UNIVERSITIES EXPLOIT STUDENT-ATHLETES
(P1) When the COLLEGIATE sports season KICKS OFF again this week millions of Americans will be TUNING IN to watch football and basketball games – but most will be blind to the off-screen struggles faced by players. While television companies and colleges RAKE IN billions of dollars in REVENUE from their labor, very little of that revenue FILTERS DOWN to college athletes.
(P2) A recent study by the National College Players Association revealed typical college players must pay more than $3,000 a year OUT OF POCKET for daily expenses – while the MARKET VALUE of collegiate basketball and football athletes is more than $6bn.
(P3) Instead of getting a GENUINE “free academic ride” via scholarships, many who do graduate EMERGE with a mountain of debt from having to cover living costs. Many student-athletes never graduate at all. Academic scholarships can be REVOKED for minor INFRACTIONS or even sports-related INJURIES.
(P5) What happens when college athletes get injured for life? People incorrectly assume they are fully covered by health insurance. But neither the NCAA nor the National Association of Intercollegiate Athletics (governing small athletics programs like Cal Lutheran) requires schools to provide full and ADEQUATE health coverage. Many former athletes are stuck with BURDENSOME medical bills for long-term sports-related injuries. The NCAA recently argued it is not legally responsible to protect college athletes from injury – a duty that professional sports leagues have accepted, ALBEIT RELUCTANTLY. Since they are CLASSIFIED as student athletes instead of employees, the NCAA also DENIES them WORKERS’ COMPENSATION.
(P6) Unfortunately, these labor issues are UNLIKELY to be ADDRESSED anytime soon. In a UNANIMOUS decision on August 17, the National Labor Relations Board dealt a SETBACK to efforts by Northwestern University football players seeking to be recognized as employees so they could be ELIGIBLE to UNIONIZE.
(P7) The NLRB’s PRETEXT for denying private college athletes the right to a union – that this would treat them differently than athletes on public university campuses – is BOGUS. The NLRB has frequently allowed graduate student teaching assistants to organize at private institutions without considering the comparison with public schools. Why should it be different with college athletes?
(P8) Other fears are equally SPURIOUS, such as professionalism of college athletics RUINING the competitive nature of collegiate sports by offering unfair advantages to big revenue generating schools. Large universities such as Ohio State and University of Southern California already enjoy these advantages.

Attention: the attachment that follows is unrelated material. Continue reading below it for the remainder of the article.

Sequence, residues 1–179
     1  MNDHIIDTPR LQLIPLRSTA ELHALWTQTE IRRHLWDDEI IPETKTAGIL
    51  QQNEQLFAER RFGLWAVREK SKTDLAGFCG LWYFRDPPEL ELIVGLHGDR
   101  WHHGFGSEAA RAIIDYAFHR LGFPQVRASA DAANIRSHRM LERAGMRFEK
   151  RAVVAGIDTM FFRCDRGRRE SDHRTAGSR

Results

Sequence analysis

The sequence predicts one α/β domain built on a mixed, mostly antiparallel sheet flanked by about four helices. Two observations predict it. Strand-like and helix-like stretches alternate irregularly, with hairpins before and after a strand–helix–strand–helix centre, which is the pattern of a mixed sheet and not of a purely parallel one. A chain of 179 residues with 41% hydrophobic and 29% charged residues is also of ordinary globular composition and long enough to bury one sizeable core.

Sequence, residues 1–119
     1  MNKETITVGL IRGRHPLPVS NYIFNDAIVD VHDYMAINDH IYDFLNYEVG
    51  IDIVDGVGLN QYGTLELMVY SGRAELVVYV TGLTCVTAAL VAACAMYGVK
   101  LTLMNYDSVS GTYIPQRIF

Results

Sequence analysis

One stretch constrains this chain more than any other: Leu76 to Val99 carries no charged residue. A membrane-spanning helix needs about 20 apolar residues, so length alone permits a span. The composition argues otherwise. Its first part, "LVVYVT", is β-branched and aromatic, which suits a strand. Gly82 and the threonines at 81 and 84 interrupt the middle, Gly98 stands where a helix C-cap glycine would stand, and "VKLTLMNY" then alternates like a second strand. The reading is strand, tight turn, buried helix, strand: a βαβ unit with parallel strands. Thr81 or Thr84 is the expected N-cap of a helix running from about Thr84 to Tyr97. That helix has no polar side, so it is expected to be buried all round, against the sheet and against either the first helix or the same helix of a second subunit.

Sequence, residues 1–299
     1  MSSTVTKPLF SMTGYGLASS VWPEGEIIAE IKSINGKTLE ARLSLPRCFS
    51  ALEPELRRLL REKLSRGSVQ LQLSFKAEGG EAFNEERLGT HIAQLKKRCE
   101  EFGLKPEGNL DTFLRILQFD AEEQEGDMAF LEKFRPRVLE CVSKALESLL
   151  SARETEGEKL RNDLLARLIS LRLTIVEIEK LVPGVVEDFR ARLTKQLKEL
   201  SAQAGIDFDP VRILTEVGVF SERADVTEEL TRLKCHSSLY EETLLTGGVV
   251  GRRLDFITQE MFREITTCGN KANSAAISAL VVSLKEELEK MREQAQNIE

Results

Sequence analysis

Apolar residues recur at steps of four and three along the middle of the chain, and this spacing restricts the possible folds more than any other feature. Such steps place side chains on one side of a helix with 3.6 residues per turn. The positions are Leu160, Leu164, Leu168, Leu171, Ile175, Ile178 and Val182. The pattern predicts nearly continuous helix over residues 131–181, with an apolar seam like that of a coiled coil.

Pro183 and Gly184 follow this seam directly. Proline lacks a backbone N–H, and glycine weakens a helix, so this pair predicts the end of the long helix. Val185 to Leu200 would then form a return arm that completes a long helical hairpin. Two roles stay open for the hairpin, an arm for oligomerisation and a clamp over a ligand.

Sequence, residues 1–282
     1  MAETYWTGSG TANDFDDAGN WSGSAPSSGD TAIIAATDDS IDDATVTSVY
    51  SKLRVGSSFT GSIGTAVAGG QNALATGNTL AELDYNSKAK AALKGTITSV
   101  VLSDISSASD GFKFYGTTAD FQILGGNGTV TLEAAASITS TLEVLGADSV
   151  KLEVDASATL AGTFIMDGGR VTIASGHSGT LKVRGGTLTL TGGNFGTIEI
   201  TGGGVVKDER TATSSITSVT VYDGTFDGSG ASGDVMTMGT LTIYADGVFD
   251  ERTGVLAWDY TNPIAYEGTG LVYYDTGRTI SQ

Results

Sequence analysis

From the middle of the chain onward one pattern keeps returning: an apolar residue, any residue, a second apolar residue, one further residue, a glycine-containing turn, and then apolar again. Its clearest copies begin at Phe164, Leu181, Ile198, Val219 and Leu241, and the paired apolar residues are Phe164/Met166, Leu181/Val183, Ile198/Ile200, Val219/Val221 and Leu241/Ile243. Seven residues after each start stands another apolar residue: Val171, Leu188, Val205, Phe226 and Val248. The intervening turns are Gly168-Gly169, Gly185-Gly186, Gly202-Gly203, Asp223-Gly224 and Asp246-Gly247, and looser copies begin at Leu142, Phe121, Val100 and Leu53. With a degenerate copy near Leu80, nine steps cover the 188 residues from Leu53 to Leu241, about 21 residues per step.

(P9) All of these young men and women student athletes – or workers – continue to be EXPLOITED as a result of this OBSTRUCTIONISM. Instead of DUCKING its responsibility, the NLRB should rule on whether or not these players are employees entitled to collectively organize. These athletes have the right to improve their working conditions and have a voice over decisions that PROFOUNDLY affect their playing and the rest of their lives. We owe it to them.
If you found the passage difficult to read or had problems understanding specific words or idiomatic expressions, please discuss them with your tutor. The following discussion questions should be answered in your own words and with your own arguments.
- Briefly summarize the content of the article in your own words.
- Do you think that university athletes are genuine students, or are they really employees?
- The two biggest sports on American university campuses are men’s basketball and football. Do you enjoy watching these sports?
- Although soccer is more popular around the world than American football, the LATTER sport is being played in more countries than ever. Is American football played in your country?
- Are labor unions an important FORCE for workers in your country?
EXPRESSIONS TO PRACTICE:
What do the following expressions mean? Practice using each expression in a sentence; extra points if you can use it in conversation.
- Kick off
- Tune in
- Rake in
- Filter down
- Out of pocket
- Market value
- Workers’ compensation